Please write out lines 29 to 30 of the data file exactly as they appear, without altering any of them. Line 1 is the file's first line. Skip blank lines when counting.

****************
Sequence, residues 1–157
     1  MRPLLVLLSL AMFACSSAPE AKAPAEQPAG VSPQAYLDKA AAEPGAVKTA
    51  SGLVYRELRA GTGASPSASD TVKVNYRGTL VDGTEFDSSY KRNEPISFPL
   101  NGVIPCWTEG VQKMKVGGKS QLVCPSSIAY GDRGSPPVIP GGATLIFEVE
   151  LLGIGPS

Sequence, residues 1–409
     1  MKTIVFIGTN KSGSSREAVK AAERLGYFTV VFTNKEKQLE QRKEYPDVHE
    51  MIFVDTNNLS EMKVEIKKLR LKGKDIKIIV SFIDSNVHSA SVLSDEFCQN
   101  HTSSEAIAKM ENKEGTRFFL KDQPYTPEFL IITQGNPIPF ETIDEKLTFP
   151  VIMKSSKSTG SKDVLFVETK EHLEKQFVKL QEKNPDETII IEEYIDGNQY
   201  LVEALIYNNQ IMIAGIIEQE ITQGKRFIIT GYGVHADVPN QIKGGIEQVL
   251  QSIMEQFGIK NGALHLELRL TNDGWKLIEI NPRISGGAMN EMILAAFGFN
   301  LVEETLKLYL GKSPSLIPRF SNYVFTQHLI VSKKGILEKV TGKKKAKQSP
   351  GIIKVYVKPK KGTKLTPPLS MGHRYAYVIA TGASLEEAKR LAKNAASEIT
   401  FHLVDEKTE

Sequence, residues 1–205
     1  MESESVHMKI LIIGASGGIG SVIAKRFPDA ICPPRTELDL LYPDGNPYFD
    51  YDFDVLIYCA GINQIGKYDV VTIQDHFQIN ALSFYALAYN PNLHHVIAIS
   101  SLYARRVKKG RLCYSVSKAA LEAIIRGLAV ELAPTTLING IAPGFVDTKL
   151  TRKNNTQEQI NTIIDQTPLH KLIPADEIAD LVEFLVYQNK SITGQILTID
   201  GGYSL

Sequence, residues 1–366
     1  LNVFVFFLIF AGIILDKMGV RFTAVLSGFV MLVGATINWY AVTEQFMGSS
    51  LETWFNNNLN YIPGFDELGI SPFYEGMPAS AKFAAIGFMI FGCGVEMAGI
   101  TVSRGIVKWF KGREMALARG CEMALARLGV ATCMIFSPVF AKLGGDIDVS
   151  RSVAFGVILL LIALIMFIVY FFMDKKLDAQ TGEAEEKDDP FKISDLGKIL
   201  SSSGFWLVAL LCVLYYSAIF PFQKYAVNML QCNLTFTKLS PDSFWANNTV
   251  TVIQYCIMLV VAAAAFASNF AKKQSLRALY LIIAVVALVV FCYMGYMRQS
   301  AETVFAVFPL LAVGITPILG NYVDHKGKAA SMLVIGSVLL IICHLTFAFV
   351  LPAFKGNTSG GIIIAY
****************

   301  AETVFAVFPL LAVGITPILG NYVDHKGKAA SMLVIGSVLL IICHLTFAFV
   351  LPAFKGNTSG GIIIAY